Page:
Australia’s Antarctic and sub-Antarctic expeditioners have braved icy waters in a traditional swim celebrating an important date on the Antarctic calendar.

Midwinter marks the shortest day and longest night of the year and represents a turning point for those living down south.

There are 90 expeditioners wintering at Casey, Davis, Mawson and Macquarie Island research stations this year.

At Australia’s most remote station, Mawson, the sun is currently down all day, with the next sunrise not due until 29 June.

To celebrate the day, the team gathered on Horseshoe Harbour where an excavator cut through a metre of sea ice to create their sub-zero swimming pool.

“This is a tradition in the Antarctic calendar to celebrate the middle of winter and the return of the sun. It’s madness, it’s ridiculous, but it’s what we do here in Antarctica,” Station Leader Rebecca Jeffcoat said.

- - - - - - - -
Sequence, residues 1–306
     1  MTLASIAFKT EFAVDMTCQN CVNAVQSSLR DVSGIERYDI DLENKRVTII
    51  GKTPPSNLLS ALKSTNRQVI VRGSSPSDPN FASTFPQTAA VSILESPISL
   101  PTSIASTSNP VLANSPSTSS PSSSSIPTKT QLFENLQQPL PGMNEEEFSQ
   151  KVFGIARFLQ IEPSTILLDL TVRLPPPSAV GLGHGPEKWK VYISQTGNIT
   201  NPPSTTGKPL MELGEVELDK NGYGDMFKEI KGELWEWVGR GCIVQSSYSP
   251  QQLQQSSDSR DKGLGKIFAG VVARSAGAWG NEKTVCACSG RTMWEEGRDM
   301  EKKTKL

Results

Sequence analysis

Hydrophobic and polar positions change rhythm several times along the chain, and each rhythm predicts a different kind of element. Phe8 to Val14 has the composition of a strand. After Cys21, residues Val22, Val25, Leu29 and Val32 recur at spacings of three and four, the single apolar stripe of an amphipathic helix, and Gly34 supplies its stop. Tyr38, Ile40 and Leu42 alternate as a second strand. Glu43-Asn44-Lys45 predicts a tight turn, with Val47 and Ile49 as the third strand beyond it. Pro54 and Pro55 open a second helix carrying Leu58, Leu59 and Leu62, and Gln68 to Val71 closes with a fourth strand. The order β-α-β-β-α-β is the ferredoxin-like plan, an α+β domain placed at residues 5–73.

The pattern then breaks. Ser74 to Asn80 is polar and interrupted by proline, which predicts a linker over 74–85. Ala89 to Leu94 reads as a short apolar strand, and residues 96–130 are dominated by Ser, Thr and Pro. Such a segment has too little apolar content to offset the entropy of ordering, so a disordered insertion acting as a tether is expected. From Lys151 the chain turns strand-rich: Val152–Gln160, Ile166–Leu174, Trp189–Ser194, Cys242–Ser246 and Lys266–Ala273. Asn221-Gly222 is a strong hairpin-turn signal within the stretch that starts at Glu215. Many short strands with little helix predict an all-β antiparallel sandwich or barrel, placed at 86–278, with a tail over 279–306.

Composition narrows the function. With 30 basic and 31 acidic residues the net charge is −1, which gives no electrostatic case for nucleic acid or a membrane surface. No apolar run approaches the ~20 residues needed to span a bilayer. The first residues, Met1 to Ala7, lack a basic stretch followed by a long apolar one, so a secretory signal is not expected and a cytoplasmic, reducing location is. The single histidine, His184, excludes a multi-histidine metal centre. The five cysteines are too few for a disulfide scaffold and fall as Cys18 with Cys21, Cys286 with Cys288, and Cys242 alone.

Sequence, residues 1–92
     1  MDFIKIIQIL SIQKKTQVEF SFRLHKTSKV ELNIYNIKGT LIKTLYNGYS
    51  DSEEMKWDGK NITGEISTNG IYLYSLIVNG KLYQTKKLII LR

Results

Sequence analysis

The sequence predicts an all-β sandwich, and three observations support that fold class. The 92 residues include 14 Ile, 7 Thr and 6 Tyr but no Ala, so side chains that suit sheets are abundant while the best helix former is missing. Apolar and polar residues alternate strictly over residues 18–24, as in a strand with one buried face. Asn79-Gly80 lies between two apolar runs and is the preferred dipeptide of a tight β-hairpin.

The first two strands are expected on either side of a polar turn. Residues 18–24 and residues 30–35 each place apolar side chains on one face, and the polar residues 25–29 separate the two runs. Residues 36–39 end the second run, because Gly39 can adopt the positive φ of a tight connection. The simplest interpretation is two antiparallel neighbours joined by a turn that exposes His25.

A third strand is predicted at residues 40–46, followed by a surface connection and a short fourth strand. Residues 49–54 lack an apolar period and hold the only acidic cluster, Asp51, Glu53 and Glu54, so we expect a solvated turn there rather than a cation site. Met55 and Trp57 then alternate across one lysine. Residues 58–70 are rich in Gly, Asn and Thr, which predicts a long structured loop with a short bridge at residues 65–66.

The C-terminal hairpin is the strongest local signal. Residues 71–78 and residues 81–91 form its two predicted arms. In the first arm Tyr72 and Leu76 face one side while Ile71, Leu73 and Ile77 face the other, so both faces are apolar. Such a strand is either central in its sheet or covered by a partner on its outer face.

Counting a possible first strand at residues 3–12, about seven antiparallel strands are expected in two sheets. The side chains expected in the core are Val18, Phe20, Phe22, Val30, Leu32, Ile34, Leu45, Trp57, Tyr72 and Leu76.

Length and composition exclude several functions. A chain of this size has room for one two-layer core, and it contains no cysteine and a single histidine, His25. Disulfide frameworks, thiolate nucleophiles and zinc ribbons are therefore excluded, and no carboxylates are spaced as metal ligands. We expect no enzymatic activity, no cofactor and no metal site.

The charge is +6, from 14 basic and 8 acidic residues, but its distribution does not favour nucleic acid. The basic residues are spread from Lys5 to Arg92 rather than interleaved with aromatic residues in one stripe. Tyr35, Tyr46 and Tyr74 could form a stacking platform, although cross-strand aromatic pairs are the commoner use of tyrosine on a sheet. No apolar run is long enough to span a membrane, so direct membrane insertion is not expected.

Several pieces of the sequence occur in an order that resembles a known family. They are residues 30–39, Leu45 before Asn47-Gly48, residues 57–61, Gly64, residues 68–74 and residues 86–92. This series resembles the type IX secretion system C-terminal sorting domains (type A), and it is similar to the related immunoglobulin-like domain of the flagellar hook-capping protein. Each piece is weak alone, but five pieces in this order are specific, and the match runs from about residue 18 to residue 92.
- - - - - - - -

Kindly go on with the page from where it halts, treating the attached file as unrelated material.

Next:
“It was minus 19 on the ice with a wind speed of six knots, so altogether it was probably about minus 25 with the wind chill factor.”

“It’s an Antarctic rite of passage to take a Midwinter swim and once is definitely enough.”

“We have a great community of 15 here at Mawson and everyone had a safe and fabulous time.”

All swims are conducted under medical supervision, with safety equipment and a warm towel close at hand.

The day is regarded as Antarctica’s Christmas with chefs preparing winter feasts while expeditioners craft and exchange handmade gifts.

Australian Antarctic Division Director Kim Ellis thanked those spending a year away from their families and friends.

“Expeditioners are at the heart of Australia’s Antarctic Program, they keep the lights on and our stations running,” Mr Ellis said.

“Their work is critical in supporting our science and research efforts to understand and protect the frozen continent.”

“Midwinter is a chance to reflect on some of the incredible accomplishments in the past year such as the delivery of Australia’s new icebreaker RSV Nuyina.”

“This year will also see modernisation works at Macquarie Island and the beginning of our Million Year Ice Core traverse, but today is all about having fun and letting our hair down.”